Getty Images/iStockphoto

More Patients Visit NPs & PAs as Usual Source of Care, Primary Care

The number of patients reporting a usual source of care is overall lower than years previous, but more patients are opting to pick an NP or PA for the job.

The landscape for people’s usual source of care is changing, with fewer people reporting a regular primary care provider, according to a Fast Facts report from the Employee Benefit Research Institute (EBRI).

When patients do report a usual source of care, provider types are changing, the report showed. Instead of opting for a physician, patients are visiting with nurse practitioners (NPs) and physician assistants (PAs) as usual sources of care.

A usual source of care refers to the individual clinician or facility at which a patient regularly accesses their care. While usual sources of care are usually primary care providers, experts acknowledge that patients may regard certain specialists, like ones who manage a common chronic illness, as their usual sources of care.

Having a usual source of care is recommended by the National Academies of Sciences, Engineering, and Medicine (NASEM) and can have tangible health benefits. Folks with a usual source of care are less likely to have an emergency department admission, for example.

But this report shows that patients are less likely to heed that recommendation compared to years prior, and there are racial health disparities at play, too.

In 2013, 79 percent of White people reported a usual source of care. This was the most common racial group to report a usual source of care, followed by Black people (75 percent), Asian people (72 percent), and Hispanic people (71 percent).

White people remain the most likely racial demographic to report a usual source of care, with 74 percent doing so in 2020, the most recent year for which EBRI reported data. For Asian people, that figure was 68 percent, while 67 percent of Black people and 66 percent of Hispanic people reported the same.

These racial differences may be small, but they could be reflective of further health disparities observed down the line, like higher occurrences of chronic illness among racial and ethnic minorities.

The report also looked into which types of providers patients visit as their usual sources of care, observing a tip toward advanced practice providers (APPs) over physicians. To be clear, doctors are still the most common provider type patients visit as a usual source of care. But fewer patients visit with doctors now than in 2013, while the report noted an upswing in the number of patients visiting with an NP or PA.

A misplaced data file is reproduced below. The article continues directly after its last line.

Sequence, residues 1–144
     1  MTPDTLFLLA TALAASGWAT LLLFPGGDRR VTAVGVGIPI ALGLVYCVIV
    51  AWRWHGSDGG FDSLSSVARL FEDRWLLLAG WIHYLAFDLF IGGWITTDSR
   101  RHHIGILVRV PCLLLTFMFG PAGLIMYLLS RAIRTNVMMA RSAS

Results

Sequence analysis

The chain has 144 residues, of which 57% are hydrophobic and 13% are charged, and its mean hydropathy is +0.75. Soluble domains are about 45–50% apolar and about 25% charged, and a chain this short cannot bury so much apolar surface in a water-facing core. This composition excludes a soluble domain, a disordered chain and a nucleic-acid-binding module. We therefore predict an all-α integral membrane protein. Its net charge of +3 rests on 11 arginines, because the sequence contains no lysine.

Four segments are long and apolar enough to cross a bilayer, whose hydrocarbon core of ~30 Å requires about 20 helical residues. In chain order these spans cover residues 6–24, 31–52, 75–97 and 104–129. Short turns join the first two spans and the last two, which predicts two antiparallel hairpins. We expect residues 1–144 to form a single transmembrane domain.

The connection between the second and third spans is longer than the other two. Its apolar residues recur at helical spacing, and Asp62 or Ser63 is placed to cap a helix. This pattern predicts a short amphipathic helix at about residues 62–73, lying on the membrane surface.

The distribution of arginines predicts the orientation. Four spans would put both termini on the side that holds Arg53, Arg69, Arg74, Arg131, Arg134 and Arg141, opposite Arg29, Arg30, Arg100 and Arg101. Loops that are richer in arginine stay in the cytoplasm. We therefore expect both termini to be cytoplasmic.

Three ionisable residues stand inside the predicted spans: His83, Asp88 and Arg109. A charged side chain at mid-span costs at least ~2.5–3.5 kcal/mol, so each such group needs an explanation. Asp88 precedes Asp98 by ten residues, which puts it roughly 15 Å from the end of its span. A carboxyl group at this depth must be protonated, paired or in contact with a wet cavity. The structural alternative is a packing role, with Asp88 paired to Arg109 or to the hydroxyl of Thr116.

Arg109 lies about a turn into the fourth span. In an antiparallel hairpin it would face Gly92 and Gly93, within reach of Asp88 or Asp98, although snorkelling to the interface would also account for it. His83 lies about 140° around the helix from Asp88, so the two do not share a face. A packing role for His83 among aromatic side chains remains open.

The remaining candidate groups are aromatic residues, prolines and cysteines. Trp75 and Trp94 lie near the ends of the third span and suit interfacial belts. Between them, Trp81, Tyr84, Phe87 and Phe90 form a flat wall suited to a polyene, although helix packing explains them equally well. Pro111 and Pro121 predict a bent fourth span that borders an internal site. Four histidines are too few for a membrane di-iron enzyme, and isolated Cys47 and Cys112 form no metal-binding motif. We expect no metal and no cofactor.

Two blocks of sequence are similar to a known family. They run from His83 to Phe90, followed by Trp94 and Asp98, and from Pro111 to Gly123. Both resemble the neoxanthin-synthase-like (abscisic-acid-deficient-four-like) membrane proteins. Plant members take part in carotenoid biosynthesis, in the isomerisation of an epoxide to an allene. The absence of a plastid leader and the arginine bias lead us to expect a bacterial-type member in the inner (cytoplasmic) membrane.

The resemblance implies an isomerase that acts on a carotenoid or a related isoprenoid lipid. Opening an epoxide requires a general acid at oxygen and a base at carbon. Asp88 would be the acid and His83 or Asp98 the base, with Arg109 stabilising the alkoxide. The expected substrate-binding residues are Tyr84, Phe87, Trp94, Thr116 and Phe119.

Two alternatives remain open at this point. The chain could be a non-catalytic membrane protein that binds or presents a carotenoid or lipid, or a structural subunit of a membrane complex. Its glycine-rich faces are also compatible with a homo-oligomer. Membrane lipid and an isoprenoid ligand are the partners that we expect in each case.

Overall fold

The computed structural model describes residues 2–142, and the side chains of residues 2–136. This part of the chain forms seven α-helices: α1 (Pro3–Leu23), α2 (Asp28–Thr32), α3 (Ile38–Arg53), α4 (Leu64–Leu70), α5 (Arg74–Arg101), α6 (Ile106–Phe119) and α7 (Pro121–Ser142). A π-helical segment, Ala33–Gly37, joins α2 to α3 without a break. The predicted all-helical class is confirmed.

In 2013, only 2 percent of White people said they saw an NP or PA as their usual source of care, while 12 percent did so in 2020. For Black and Hispanic people, this increase was from 2 percent in 2013 to 7 percent in 2020.

These changing provider credentials could be reflective of expanded scope of practice laws that allow NPs and PAs to spearhead more of patient primary care, as well as an influx of NPs and PAs in the medical workforce.

The overall downswing in patients reporting a usual source of care could be a function of changing health insurance coverage, EBRI indicated. Employer-sponsored health insurance makes it easier for patients to get a primary care provider, and when those benefits aren’t there or are insufficient, patients may choose to go without.

However, there could be other factors at play. A 2023 report from the National Association of Community Health Centers (NACHC) also indicated that more Americans are going without a usual source of care, but NACHC’s report suggested that provider shortages, especially in rural areas, are to blame.

Other assessments have indicated that high healthcare costs and long appointment wait times also deter patients from obtaining a usual source of care.

Next Steps

Dig Deeper on Patient data access

xtelligent Health IT and EHR